A large portion of your work surround women’s issues: highlighting both how women view themselves and how others view women. Extracting cliché terms, derogatory phrases and sex-positive words, language becomes a powerful tool in your work. Do you identify yourself and your work as feminist?
Your recent work seems to be inspired greatly by nature and some of your work is created onsite. Was there a pivotal moment that caused a shift from feminist-based art to focusing on nature or is there a correlation?
There is a correlation. I see it as a continuum. Nature has always inspired me. I love to look at bones, seed pods, leaves, nests, eggs and the like. Draw from nature. Things made in nature are unique same as every hair strand. I care about women’s issues and social justice issues. In my work I examine and convey the complexities, contradictions and injustices of our world. I am very concerned about our environmental future. Nourish* is not just a celebration of the beauty of the natural world, but a wake up call. In August, 2013 I went on the Signal Fire Alpenglow backpacking trip in the Mt. Hood Wilderness. I created three pieces from that experience. They were started out in the wild and then completed back in my studio. The immediacy I loved. Especially after Nourish which was very printing intensive – over 1oo times through the Vandercook letterpress.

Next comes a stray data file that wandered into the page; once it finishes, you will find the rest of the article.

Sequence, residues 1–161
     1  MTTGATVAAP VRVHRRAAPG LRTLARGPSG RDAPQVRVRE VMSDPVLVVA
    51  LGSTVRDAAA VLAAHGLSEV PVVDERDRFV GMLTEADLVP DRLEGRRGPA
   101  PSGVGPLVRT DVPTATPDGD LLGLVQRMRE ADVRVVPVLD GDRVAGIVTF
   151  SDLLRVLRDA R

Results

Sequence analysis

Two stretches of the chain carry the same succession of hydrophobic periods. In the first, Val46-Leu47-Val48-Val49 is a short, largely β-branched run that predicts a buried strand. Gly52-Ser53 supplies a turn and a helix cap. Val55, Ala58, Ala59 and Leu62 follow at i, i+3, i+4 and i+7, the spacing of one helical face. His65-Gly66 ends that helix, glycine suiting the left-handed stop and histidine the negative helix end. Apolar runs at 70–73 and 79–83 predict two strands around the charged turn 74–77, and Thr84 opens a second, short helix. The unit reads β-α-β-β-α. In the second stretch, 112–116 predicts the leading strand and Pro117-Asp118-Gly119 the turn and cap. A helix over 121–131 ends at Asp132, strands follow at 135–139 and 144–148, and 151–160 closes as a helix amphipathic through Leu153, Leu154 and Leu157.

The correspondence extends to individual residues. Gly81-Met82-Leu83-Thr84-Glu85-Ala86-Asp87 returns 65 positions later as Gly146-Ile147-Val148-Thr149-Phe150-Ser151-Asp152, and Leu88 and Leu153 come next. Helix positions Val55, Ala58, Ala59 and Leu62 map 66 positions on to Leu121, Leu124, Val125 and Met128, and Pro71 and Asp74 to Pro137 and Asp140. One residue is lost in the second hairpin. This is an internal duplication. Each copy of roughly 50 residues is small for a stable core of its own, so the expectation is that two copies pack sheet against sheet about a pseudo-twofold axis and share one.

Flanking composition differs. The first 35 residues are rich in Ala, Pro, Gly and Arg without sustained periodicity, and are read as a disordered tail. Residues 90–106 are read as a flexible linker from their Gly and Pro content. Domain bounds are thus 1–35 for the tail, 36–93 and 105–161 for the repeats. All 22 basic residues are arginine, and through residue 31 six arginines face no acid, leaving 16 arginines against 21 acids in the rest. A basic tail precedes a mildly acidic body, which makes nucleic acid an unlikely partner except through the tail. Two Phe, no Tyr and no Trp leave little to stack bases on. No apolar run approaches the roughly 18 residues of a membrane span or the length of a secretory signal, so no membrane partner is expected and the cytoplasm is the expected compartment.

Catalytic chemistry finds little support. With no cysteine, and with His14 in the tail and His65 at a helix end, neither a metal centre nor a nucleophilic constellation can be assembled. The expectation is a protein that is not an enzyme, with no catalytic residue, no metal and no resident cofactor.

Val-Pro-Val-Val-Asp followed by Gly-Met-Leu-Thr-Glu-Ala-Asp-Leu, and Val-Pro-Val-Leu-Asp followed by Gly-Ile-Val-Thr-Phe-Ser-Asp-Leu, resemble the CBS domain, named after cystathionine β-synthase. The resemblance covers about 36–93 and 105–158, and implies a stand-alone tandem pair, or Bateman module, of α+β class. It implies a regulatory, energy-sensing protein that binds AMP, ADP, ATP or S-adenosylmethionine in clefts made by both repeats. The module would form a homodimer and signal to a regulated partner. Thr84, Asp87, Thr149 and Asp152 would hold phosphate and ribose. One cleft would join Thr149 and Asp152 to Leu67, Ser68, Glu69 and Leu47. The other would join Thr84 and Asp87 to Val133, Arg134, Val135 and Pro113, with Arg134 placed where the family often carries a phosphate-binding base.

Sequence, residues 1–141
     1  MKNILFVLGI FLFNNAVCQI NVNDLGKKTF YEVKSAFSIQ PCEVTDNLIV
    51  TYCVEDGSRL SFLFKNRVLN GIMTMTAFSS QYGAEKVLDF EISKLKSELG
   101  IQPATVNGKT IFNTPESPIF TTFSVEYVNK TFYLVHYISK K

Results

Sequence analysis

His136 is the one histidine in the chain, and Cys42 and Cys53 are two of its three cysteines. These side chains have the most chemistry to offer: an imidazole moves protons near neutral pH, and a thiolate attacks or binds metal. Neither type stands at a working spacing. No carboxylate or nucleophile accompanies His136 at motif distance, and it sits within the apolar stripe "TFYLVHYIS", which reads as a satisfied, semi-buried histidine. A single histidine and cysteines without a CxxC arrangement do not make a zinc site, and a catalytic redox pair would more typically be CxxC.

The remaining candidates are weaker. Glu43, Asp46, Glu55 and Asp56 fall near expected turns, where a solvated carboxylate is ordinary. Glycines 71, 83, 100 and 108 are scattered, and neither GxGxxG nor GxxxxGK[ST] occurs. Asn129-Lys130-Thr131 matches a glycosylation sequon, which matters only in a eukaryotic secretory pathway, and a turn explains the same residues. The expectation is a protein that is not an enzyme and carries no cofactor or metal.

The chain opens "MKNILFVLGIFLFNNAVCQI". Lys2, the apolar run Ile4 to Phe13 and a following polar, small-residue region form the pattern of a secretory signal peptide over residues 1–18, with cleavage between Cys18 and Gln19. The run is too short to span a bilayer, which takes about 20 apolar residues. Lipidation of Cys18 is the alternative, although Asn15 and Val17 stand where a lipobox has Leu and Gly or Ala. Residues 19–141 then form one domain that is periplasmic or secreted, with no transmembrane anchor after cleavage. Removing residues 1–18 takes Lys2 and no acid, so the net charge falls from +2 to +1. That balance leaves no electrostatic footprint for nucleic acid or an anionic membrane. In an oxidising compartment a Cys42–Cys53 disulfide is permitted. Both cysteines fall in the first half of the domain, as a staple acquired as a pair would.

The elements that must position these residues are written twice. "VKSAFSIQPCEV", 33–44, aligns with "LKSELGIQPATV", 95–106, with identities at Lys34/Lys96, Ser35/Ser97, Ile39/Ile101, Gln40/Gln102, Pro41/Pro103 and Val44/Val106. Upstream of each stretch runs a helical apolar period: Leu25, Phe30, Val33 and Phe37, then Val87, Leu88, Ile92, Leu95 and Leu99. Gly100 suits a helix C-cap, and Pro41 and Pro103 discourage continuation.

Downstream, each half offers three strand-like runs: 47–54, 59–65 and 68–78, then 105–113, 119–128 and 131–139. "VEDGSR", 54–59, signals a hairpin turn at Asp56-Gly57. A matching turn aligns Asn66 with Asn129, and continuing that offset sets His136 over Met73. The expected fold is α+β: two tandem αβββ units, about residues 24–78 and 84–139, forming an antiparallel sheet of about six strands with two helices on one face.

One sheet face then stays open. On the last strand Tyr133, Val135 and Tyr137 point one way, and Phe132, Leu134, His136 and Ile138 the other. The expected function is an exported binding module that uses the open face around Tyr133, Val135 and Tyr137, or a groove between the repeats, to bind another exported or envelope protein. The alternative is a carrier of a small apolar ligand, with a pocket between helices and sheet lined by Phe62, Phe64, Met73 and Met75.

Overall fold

*Nourish will be featured in a post at the end of the month
Any exciting projects on the horizon?
I have put in an application for the Golden Spot Residency at the Oregon College of Art & Craft. It would give me studio space, access to the printshop, and a stipend. My proposal is to create a new body of work that exposes misogynist politicians and the rape culture behind them. We are at a pinnacle moment to change rape culture. I want to make a body of work that responds to the global call for action to stop violence against women and girls. I am inspired by the One Billion Rising for Justice movement that has been building globally from tireless organizing by acclaimed playwright Eve Ensler. I envision creating a series of printed sculptural political posters. This could take the shape of photo lithographs or silk screen prints of: the 22 Republican men who voted against VAWA (Violence Against Women Act); politicians up for reelection and their record on women’s rights issues; the stats on Speaker of the House John Boehner, to name a few. I imagine cutting, folding, collaging, as well as, introducing magnification or reflective materials to analyze a whispered quote, an inappropriate gesture, thoughts behind the vacant smile, and our complacency in our political system. Using humor and asking open-ended questions, I hope to spur a lively dialogue.